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Remembering Chicano Journalist Ruben Salazar

As many of you may know, September is Hispanic Heritage Month, and just a few weeks ago was the 50th anniversary of Mexican-American journalist Ruben Salazar’s death. In honor of his passing, I’m going to shine the spotlight on him and the work he did for the Chicano community during his life. 


Whether or not you’ve heard of him before, Salazar was an icon–and today is known as a martyr–for the Chicano movement, as he provided the community a voice through his journalism. The Chicano Movement, much like the Civil Rights Movement, arose in the 1960’s with the purpose of protesting and addressing social injustice against Hispanics in the community, primarily Mexican-Americans (who may also go by “Chicano/a/x”). The movement’s media coverage relied on reporters and journalists such as Salazar to carry its momentum not just locally, but nationwide. 

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Born in 1928 in Mexico, Salazar was just a baby when he came to the United States and was raised in El Paso, Texas. As a Mexican-American himself, Salazar grew up both witnessing and experiencing the struggles many were facing at the time, such as discrimination in schools and police brutality on the streets. After earning his bachelor’s degree in journalism at what is now the University of Texas at El Paso, Salazar took on several journalistic roles in his career, eventually transitioning from Spanish to English-language journalism and accepting a position with the Los Angeles Times in 1959 as their first Latino columnist. This role in particular would ultimately pave the way for the prosperity of both his career and the Chicano Movement.


Salazar was possibly the first to define what constitutes a “Chicano,” an alternative term for people of Mexican origin living in the United States. In his own words, “A Chicano is a Mexican-American with a non-Anglo image of himself.” This definition was key in that it gave new meaning to a word that may have previously been used as an insult and could now instead be used to spark pride and empowerment. 

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Salazar was an activist in the community through his work and brought widespread media attention to the struggles of his community, from residential segregation to substandard education. Salazar’s journalism was so unapologetic that he often angered law enforcement. His “Latin Newsmen, Police Chief Eat...Fail to Meet” story in March of 1970, for example, listed recent events of “policemen [dragging] teenage girls by the hair,” blocking a KMEX cameraman from filming a student disturbance, and yelling at station staffers at a protest. This column particularly angered the police chief at the time who accused him of “fabricating information from an off-the-record event.”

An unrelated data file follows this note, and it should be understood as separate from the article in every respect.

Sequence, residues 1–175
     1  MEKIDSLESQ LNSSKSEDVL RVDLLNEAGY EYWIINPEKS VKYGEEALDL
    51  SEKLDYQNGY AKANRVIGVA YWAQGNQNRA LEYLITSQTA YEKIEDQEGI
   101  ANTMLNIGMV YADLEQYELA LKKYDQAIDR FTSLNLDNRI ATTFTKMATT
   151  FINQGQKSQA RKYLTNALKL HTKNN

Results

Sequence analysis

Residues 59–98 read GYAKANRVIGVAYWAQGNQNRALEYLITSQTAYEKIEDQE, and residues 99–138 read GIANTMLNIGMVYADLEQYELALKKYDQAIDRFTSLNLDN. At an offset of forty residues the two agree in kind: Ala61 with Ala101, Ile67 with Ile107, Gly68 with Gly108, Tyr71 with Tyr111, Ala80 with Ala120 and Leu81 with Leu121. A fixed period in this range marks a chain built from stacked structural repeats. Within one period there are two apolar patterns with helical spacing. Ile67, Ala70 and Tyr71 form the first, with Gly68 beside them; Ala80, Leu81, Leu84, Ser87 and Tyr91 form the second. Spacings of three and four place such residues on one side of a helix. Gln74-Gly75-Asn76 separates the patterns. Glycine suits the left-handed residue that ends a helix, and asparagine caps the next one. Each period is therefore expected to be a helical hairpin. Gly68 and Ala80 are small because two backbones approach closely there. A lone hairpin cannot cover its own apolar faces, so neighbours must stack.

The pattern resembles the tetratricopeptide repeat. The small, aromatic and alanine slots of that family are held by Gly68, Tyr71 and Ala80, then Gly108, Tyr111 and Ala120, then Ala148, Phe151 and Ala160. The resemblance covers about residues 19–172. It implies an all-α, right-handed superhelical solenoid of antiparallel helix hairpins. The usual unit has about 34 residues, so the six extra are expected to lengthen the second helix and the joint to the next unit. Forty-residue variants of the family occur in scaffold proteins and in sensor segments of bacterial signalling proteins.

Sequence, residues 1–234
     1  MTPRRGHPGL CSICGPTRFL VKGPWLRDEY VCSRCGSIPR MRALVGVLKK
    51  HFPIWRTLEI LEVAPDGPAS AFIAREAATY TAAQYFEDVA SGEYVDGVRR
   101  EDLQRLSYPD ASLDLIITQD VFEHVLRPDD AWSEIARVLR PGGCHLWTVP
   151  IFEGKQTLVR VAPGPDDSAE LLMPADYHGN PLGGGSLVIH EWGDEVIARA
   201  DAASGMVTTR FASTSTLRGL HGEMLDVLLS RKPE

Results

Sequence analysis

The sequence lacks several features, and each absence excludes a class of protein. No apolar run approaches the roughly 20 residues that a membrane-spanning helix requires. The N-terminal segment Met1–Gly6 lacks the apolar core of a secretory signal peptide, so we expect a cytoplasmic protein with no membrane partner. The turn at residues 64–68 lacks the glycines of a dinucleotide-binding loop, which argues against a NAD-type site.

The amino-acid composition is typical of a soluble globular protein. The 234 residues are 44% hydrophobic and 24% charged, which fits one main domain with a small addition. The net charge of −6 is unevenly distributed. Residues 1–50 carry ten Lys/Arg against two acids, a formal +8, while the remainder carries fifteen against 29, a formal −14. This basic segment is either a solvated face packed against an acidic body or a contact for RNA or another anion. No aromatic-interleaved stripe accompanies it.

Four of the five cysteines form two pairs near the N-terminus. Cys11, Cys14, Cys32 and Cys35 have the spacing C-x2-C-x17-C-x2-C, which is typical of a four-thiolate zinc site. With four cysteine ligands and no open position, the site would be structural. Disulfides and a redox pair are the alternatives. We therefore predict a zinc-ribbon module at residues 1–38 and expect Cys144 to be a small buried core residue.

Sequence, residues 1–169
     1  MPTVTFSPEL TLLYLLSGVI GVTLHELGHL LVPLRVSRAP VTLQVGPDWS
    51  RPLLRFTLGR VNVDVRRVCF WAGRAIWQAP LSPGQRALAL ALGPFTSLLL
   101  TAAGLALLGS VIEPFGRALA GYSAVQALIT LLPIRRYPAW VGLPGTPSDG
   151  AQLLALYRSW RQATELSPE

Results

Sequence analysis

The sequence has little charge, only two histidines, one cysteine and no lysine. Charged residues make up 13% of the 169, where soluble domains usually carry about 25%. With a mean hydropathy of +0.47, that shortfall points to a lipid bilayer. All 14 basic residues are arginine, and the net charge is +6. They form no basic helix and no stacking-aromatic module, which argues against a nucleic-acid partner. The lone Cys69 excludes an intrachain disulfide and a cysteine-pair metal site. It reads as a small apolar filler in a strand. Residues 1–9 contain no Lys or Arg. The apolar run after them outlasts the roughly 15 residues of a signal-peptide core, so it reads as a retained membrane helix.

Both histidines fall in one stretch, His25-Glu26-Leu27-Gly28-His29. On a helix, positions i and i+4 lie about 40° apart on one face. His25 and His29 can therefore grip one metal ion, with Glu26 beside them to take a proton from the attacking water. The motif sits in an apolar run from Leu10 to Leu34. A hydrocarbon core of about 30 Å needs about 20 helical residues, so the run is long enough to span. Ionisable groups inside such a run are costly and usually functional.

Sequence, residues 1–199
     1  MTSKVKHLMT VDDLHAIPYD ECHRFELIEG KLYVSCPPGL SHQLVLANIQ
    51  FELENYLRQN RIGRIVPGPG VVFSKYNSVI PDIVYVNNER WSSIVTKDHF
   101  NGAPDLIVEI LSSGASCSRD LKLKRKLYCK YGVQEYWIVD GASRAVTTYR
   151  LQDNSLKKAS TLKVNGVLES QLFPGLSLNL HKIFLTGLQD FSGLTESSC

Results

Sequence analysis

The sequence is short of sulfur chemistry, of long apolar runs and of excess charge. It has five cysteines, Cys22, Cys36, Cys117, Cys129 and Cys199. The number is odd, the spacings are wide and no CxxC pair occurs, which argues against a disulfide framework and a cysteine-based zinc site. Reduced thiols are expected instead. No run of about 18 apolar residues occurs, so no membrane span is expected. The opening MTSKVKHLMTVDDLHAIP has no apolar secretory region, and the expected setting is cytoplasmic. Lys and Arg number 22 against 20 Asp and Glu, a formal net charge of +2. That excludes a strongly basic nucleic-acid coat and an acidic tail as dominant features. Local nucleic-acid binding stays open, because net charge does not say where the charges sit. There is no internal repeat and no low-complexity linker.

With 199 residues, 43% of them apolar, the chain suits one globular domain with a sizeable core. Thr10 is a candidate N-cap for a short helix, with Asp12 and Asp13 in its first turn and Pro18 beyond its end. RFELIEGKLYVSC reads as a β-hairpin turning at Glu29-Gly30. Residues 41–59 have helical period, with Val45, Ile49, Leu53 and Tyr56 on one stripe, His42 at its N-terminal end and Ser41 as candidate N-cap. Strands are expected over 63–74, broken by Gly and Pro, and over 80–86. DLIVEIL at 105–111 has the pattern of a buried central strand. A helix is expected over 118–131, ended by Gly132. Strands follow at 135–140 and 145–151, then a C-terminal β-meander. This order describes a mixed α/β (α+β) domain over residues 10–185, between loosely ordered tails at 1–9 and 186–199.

It was no surprise that most if not all Chicano demonstrations at the time were met with great police resistance. As Salazar wrote in a publication titled Strangers in One's Land for the U.S. Commission on Civil Rights, “the most serious police harassment involves interference with attempts by Mexican Americans to organize themselves in order to assert their collective power.” So serious was the situation at hand that allegations against the Los Angeles Police Department arose, claiming that officers and deputies had not only beaten residents but also planted evidence when arresting them. 

[bf_image id="q5c64y-dyc96g-6cpz8n"] Salazar was so dedicated to the cause that he took it upon himself to investigate the LAPD, but unfortunately for him, this meant that he was not seen as a leader in the eyes of law enforcement, but rather a threat. As a result, he was not only under the surveillance of the Los Angeles Police Department but the FBI as well.


On August 29 of 1970, one of the largest demonstrations, called the Chicano Moratorium, took place in East Los Angeles to protest the Vietnam War. On a break during coverage, Salazar stopped at the Silver Dollar Bar and Cafe. Sheriffs responding to a call fired a tear gas projectile that struck him in the head. Unfortunately, the strike resulted in his death, which sparked rage throughout the Chicano community and inspired them to honor his legacy through the continuation of social justice activism. 

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Salazar may have only lived until he was 43 years old, but the work he did throughout his life for the Chicanx community can still be felt now. His journalism brought awareness to the injustices the community faced and ultimately pushed the movement to adopt his unapologetic activism. Without him, it’s likely that discrimination against Chicanx members of the community would have continued without the media–and, more importantly, the general U.S. population–ever really knowing. 

Angelina Leanos

Cal Lutheran '23

Hi! I'm Angelina and I'm the Co-Senior Editor/Writing Director of HCCLU. I'm a Senior majoring in English and minoring in Psychology. I love traveling, cooking/baking, listening to music, and writing poetry.
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